by Amy Jenkins | August 6, 2019

Leaders want to be heard and great leaders want to listen, which can be difficult to achieve in organizations with largely remote or deskless workers. Many organizations still rely heavily on email and print communications and some are dependent on leaders cascading information to frontline employees. While all can be effective, they also pose challenges and ultimately make it difficult for leaders to effectively communicate across their organization and to measure the success of communications as a whole.

As communications professionals, we know our leaders are looking for more effective ways to communicate, but we still struggle to get the necessary approvals and budget to make certain changes in strategy or to introduce new tools. 

Here are three tips to help you get leadership support and budget to enhance leadership communication.

1. Start and end with data. Historically, communicators have had to rely on anecdotes and our instincts when it comes to the success of our various communications strategy. Although compelling (and we know our efforts make a difference), true ROI is hard to prove.

Data is the answer and is probably within your reach to provide leadership with quantifiable evidence that employees want to hear from them. Employee surveys are the perfect place to start gathering this data. Asking questions about trust in leadership, transparency from leadership, and whether they feel leadership demonstrates vision / mission / values, will provide the foundation for your conversation with your C-suite. Use the results from employee engagement surveys to find gaps in current communications strategies and to understand what is most important to your employees when it comes to communications.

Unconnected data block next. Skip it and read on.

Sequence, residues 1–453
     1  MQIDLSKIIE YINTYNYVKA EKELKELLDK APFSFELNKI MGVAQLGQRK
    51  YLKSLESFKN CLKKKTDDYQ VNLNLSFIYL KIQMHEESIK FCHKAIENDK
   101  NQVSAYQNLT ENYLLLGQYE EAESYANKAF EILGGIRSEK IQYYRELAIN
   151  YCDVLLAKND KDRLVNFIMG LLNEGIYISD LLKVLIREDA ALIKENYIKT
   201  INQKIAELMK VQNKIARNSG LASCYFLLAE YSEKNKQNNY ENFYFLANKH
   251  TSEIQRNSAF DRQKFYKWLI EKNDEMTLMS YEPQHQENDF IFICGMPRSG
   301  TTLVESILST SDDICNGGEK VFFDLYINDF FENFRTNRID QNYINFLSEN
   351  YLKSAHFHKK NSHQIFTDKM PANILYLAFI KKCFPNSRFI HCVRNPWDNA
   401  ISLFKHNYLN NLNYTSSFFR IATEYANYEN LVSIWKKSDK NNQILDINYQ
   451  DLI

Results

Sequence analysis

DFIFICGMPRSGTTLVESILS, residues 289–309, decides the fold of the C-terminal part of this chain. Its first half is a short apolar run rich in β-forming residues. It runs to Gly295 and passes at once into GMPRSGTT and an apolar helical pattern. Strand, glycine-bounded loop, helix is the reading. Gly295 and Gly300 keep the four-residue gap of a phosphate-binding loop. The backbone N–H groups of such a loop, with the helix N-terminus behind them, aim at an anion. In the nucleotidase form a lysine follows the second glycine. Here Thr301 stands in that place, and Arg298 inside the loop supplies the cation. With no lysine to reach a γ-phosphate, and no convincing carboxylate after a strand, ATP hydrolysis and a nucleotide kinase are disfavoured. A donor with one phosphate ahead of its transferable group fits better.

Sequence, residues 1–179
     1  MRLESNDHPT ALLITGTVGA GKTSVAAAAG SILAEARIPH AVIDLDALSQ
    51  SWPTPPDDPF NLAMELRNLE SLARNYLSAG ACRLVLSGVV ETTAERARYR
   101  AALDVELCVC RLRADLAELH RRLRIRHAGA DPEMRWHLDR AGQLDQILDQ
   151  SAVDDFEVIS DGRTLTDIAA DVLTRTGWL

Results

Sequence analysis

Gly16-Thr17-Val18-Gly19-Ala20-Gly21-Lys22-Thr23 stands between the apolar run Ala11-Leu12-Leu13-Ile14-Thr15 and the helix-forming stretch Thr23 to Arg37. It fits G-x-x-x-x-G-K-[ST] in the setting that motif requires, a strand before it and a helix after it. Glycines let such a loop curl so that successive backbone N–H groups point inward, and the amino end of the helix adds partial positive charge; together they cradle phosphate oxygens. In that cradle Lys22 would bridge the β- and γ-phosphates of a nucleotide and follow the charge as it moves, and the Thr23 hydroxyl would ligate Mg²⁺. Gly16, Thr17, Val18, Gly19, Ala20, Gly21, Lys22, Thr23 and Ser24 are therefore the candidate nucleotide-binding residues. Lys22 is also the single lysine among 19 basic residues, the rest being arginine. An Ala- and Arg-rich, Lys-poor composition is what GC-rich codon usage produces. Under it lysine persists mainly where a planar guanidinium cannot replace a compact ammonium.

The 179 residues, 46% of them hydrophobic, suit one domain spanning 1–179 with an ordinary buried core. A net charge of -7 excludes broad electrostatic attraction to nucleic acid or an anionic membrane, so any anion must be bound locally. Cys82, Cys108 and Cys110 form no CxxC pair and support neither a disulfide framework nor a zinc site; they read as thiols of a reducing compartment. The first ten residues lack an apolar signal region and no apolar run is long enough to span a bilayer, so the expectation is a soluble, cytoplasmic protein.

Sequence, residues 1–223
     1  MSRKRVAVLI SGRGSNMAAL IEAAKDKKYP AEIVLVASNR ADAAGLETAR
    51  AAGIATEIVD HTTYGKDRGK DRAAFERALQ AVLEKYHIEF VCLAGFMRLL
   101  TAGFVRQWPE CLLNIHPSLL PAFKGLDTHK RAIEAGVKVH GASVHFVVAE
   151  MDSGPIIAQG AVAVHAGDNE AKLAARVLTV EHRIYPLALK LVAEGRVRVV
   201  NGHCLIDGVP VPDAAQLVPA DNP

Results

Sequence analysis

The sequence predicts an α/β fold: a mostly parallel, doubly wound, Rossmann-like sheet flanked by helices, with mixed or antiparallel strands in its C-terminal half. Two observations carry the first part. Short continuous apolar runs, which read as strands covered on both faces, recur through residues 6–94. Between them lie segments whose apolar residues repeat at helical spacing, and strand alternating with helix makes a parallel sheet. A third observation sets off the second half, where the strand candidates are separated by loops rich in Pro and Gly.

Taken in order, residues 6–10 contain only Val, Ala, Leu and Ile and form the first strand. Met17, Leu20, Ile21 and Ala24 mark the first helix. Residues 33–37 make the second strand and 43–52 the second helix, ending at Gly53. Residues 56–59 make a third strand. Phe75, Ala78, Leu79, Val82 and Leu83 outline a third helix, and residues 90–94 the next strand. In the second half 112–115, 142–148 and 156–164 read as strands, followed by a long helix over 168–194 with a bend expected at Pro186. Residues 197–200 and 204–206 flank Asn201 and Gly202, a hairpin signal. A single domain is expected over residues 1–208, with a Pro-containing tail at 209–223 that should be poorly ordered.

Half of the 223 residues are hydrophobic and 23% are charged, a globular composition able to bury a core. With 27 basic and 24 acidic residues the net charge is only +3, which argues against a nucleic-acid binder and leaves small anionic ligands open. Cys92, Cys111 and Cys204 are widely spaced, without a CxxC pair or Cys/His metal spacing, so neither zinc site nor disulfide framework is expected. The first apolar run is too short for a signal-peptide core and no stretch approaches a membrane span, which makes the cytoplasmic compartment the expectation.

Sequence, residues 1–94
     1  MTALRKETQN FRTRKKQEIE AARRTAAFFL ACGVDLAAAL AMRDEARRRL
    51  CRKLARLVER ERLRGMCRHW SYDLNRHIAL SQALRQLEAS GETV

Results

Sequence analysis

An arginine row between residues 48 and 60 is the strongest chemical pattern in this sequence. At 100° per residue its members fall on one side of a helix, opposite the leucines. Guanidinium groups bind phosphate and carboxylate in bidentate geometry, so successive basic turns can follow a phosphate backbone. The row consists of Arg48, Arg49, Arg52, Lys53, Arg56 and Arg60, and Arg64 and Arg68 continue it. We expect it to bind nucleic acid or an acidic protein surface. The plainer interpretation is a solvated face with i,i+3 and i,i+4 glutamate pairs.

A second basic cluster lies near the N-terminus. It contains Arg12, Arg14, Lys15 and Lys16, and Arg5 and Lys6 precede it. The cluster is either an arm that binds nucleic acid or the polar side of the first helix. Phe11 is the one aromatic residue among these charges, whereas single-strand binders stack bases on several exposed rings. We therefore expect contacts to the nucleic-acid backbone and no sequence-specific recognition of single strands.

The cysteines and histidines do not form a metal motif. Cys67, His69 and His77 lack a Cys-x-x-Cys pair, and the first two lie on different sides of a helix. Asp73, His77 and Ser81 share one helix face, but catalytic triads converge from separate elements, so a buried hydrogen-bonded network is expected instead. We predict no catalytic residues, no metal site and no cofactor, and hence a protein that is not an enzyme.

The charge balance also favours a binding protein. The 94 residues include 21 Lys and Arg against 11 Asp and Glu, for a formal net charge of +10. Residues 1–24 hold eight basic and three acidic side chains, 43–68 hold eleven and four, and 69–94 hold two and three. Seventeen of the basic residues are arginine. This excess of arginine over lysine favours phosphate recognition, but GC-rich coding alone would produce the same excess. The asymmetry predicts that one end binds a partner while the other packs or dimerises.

2. Don’t have your own data? Rely on studies already published. Edelman’s 2019 Trust Barometer is full of valuable findings on the value of leadership communication. Here’s one example, “Employees who have trust in their employer are far more likely to engage in beneficial actions on their behalf – they will advocate on behalf of their organization, are more engaged, and remain far more loyal and engaged.” Another great resource is – just click on this link and you’ll find hundreds of examples of why communication is instrumental to any company’s success. Whether it’s showing the correlation between effective leadership communication and employee retention and productivity, or how employees value transparency and real-time access to information, there are many reputable resources that will help you make your case.

3. Tell your leaders why you need to change and emphasize what happens if you don’t.

Steps one and two will help you explain why you need to incorporate leadership communication into your internal communications plan, but the true call to action comes from sharing the impact to your organization if you don’t make strategic changes. We all know that there is a significant cost to employee turnover, and leadership and poor communication are among the most common reasons employees choose to leave a company. Break this down for your leadership team by showing the true cost of employee turnover. An article in Forbes, “Companies Need To Know The Dollar Cost Of Employee Turnover,” gave one estimate to turnover as follows: “Cost of an entry-level position turning over at 50 percent of salary; mid-level at 125 percent of salary; and senior executive over 200 percent of salary.” 

Then tell leadership what you can do about it. Present a plan which shows a regular cadence for leadership communication that incorporates both written and video / audio channels. Make sure these channels are accessible to all employees and ensure the messages are targeted to specific employee segments for maximum impact. For example, if you include quarterly earnings as one of your leadership comms, know that front line, hourly employees will want to hear a different message than the finance team at the corporate office. 

Developing a strategy for leadership communication and getting leadership to embrace the plan will have significant impacts on your organization’s bottom line and to the overall employee experience. Don’t wait for 2020 to begin developing this strategy. By starting now, you will identify if you have the tools and resources to support your strategy which means you can assess what you need to budget for in 2020 and beyond.

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